Freeform president Tom Ascheim said Wednesday during the network’s upfront presentation that binge viewers are more engaged socially and more engaged with advertisers. What does he mean by that?

That’s from a couple of different studies. It’s interesting about the social aspect of binging is that when you get to the end of watching an episode, what do you do? There’s a natural moment where you look at each other and say, “Do we watch another one?” There’s an interesting social commitment with shared on-demand viewing that’s an interesting phenomenon, and we’re looking more into how on-demand viewing affects the social nature of television.

Famous in Love premiered Tuesday night. Do you have digital data yet for that? Was it a bigger or smaller digital premiere than Beyond?

We’re still pulling that together. I’ll think we’ll have a much more data — the digital, the social pop, the linear ratings — in another week or so. We launched Beyond on January 2 at midnight, and we launched Famous in Love on digital simultaneous with the linear premiere on Tuesday night and we also launched Famous in Love on the ABC app, so it’s not going to be apples to apples until we have a longer period to compare.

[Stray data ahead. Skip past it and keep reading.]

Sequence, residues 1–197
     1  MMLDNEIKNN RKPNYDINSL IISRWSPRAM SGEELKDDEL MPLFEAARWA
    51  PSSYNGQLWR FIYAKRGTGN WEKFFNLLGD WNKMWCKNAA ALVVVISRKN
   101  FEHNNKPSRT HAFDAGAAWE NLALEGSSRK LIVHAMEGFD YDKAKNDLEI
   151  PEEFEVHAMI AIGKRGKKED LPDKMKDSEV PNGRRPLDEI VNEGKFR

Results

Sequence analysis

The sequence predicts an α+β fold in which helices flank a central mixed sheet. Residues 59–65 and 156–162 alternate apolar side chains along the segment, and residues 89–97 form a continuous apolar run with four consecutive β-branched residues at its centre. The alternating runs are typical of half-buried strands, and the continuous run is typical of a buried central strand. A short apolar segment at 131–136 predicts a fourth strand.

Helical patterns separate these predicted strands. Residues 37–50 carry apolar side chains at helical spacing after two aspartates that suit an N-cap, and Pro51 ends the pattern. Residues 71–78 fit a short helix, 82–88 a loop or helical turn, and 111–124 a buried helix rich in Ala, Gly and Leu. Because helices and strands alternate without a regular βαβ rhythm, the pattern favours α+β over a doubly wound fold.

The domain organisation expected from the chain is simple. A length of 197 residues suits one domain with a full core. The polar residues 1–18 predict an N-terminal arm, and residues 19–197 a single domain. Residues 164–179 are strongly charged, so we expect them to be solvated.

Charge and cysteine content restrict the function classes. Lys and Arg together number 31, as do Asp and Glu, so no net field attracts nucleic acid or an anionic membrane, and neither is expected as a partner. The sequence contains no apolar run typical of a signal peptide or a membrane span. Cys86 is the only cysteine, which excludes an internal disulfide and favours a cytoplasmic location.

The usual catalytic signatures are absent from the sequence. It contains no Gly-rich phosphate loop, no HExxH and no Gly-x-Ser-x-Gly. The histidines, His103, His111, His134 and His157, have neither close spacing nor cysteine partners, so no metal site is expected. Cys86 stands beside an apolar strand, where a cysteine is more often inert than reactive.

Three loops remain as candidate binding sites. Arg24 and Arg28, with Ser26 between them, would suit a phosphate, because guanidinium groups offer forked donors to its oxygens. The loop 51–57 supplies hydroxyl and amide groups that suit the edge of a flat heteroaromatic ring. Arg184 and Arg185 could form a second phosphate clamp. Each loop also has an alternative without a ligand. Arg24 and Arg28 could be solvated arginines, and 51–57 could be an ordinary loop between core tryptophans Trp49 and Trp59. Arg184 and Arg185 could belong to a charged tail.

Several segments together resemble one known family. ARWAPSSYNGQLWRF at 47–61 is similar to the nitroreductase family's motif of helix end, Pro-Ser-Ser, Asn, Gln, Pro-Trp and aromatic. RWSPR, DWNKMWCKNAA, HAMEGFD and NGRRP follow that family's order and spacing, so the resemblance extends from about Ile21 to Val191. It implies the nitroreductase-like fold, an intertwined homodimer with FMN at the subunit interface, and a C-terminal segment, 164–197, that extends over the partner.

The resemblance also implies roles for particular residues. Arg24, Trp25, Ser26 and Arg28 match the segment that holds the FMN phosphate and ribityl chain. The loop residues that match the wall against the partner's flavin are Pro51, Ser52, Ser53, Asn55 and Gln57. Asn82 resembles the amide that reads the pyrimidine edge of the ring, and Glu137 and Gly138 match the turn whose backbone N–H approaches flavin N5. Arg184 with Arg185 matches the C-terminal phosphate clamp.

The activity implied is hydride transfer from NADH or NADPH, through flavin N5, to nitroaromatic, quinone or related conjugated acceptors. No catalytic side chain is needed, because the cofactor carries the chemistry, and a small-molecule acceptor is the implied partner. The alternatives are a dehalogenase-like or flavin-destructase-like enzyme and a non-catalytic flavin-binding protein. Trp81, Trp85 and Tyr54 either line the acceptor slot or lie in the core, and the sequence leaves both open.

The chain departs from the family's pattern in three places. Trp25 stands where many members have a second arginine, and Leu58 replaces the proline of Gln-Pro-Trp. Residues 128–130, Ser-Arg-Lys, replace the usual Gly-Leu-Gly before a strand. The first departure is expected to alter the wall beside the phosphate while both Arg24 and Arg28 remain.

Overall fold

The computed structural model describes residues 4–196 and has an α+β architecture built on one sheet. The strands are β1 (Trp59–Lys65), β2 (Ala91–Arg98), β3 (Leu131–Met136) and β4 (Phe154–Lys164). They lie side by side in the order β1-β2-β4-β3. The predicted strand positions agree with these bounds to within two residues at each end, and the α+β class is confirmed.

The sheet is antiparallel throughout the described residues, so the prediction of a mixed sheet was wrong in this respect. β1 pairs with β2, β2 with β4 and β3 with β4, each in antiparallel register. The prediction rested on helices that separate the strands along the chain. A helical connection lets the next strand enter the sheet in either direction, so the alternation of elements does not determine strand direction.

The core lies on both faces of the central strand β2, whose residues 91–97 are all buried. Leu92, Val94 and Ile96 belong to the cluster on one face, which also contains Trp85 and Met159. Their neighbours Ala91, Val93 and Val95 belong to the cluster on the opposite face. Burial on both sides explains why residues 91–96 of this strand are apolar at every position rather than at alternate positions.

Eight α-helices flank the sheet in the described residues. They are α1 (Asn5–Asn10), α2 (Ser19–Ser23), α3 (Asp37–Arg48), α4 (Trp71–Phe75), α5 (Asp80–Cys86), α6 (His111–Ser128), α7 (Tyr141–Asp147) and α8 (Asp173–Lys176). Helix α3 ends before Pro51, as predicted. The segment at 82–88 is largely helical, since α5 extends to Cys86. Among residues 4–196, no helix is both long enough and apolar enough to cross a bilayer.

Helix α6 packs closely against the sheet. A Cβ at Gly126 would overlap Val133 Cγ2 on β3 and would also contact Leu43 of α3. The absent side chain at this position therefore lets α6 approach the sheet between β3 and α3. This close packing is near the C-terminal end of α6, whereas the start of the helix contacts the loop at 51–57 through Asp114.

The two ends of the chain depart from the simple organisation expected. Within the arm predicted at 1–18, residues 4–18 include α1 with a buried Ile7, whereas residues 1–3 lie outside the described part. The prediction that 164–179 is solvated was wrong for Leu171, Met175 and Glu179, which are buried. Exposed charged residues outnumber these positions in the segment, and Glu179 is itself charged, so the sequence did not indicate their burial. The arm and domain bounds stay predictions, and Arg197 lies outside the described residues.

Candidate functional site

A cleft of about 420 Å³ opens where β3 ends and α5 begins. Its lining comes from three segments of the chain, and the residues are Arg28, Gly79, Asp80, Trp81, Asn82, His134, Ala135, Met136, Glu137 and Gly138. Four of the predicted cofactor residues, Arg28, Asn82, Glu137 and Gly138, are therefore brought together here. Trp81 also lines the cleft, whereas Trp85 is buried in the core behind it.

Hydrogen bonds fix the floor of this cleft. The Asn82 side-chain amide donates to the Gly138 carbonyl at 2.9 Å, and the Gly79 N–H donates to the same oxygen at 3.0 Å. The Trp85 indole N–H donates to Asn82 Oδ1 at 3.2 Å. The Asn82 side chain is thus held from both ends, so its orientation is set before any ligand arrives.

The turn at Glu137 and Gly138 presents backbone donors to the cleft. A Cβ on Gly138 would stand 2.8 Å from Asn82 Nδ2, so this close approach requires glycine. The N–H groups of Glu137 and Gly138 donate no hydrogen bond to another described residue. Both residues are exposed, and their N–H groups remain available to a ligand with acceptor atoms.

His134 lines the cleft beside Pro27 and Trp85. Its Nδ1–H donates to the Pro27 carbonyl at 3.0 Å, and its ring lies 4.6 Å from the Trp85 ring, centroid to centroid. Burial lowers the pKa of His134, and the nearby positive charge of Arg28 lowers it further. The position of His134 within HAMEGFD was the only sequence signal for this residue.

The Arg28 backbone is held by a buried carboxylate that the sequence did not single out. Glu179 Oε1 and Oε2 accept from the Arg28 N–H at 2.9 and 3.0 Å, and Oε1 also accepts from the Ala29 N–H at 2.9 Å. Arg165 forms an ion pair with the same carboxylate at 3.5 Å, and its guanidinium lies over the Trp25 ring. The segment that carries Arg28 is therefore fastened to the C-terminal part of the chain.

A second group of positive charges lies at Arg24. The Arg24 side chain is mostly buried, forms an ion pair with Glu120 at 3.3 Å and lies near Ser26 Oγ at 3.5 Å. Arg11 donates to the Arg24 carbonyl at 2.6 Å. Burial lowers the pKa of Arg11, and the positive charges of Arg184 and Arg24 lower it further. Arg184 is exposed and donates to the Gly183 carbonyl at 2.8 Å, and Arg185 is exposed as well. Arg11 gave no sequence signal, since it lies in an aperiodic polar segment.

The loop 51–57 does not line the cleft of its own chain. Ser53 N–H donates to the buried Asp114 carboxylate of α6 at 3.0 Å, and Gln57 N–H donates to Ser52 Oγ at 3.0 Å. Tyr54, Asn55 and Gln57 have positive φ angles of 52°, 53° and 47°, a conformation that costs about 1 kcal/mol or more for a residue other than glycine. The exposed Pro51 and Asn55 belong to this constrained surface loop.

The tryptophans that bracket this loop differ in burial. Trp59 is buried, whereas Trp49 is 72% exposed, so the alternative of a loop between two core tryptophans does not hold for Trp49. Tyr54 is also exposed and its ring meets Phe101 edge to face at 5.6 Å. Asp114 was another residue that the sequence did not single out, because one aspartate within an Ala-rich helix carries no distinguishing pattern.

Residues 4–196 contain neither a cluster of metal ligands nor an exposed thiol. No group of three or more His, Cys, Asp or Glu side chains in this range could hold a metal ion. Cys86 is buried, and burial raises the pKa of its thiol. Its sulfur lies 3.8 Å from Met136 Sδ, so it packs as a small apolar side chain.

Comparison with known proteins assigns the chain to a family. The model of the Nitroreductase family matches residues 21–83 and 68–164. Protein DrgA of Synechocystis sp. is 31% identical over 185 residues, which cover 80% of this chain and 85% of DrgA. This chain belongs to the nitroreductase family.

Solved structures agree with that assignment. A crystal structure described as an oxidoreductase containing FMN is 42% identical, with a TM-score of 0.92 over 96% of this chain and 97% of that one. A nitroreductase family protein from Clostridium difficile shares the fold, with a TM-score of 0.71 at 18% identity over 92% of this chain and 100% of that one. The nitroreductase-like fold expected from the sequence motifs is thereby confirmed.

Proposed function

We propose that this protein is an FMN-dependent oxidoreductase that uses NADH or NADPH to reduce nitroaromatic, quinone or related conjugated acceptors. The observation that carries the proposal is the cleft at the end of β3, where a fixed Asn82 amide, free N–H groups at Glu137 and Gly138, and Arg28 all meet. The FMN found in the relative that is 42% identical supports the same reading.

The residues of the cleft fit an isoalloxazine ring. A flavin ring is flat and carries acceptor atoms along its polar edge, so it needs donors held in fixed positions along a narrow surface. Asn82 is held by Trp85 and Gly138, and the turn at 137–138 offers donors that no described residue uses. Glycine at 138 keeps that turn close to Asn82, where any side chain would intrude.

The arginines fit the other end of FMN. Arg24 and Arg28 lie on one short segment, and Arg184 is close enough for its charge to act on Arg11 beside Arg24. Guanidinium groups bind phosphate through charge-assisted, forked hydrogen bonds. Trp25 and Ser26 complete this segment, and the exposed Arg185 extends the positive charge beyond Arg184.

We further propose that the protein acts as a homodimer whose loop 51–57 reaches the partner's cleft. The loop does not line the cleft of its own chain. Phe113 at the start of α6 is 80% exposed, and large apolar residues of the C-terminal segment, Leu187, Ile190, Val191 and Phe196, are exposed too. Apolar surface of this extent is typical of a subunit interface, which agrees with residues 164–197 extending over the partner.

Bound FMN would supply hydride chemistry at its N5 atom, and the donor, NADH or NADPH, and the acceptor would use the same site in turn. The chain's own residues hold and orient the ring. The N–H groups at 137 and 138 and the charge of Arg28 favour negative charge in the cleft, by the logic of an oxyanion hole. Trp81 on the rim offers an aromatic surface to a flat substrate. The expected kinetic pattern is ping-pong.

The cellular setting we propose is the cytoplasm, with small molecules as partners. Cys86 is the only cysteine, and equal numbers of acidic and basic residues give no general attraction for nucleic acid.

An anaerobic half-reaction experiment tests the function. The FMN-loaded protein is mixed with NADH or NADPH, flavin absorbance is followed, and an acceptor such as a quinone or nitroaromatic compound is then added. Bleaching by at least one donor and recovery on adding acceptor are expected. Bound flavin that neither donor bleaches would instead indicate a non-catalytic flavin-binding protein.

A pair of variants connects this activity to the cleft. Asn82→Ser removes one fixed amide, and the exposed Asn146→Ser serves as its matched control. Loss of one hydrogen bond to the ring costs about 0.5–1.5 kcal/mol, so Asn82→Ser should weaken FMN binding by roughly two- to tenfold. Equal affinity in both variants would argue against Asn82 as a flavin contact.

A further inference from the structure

FX and AMC have both been experimenting with putting their other networks’ shows on their mothership apps. Is that something you’re seeing across the industry?

Yes. Users have a certain loyalty to certain platforms that they watch, so being on multiple platforms is a smart strategy.

You have Iliza Schlesinger’s late-night show Truth & Iliza starting in in May. Will that launch simultaneously on digital?

It will, and we’re also working on a clip strategy. We think there’s a lot of potential for clips in different parts of the ecosystem.

Are you modeling how to do a late-night show at all around what Jimmy Kimmel Live! has done on ABC’s platforms as far as marketing, release pattern, etc.?